This is a huge question to ask and one that is not going to be comprehensively answered in a short article here. This article is the first of a series where we will present a systematic, pragmatic and sustainable approach to answer that question.
However, it is most certainly worth considering this question because it should concern every Board of Directors, every person who is an Officer of a company or any small business owner in Australia.
Clearly, there is a legislative obligation to provide a ‘safe place of work’ in Australia, but there is more. Riskcom believe that there is a moral obligation. We believe that it is this obligation and the need to make it real to organisations that will help us further improve safety performance.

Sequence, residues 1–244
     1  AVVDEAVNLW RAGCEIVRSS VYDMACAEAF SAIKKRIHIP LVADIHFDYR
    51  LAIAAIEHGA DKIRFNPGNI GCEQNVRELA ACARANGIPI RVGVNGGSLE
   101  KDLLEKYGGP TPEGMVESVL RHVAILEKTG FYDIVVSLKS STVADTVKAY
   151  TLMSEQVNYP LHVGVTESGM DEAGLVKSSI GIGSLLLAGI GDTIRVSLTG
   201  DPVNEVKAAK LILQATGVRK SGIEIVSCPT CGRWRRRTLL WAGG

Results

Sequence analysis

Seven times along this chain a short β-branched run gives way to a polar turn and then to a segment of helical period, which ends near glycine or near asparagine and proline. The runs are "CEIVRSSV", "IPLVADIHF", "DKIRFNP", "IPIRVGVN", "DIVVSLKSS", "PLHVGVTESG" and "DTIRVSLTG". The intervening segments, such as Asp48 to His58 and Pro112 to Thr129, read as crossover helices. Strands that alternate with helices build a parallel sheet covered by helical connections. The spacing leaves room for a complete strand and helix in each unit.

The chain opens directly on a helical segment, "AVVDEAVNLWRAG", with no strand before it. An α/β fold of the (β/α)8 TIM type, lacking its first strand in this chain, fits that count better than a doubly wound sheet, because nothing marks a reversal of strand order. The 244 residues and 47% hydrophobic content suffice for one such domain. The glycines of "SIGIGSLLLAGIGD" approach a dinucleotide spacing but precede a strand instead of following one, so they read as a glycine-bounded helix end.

Whatever motivates you to meet this most basic obligation of providing a safe place of work, one point is certain, you will most likely need to re-think your understanding of what safety is compared to how you do now.
What do I mean?
Well, the first point is to realise that safety (and let’s just assume that by safety, I mean achieving a state that does not result in harm to an employee) can only be sustainably achieved if safety is understood to be an outcome of your business system. It is not something that can be easily retrofitted like a new set of wheels on your car.
Your business system is simply the system that you have developed to deliver your ‘product’. Your ‘product’ could be selling in a retail outlet, building infrastructure, mining gold, providing health care, selling Real Estate and so on. Delivering your product is what we refer to as an ‘Organisational Critical Outcome’ and to do this, you will monitor costs, quality, profitability etc. So, if you successfully produce your product, but lose money in the process, one could assume that is not a successful outcome.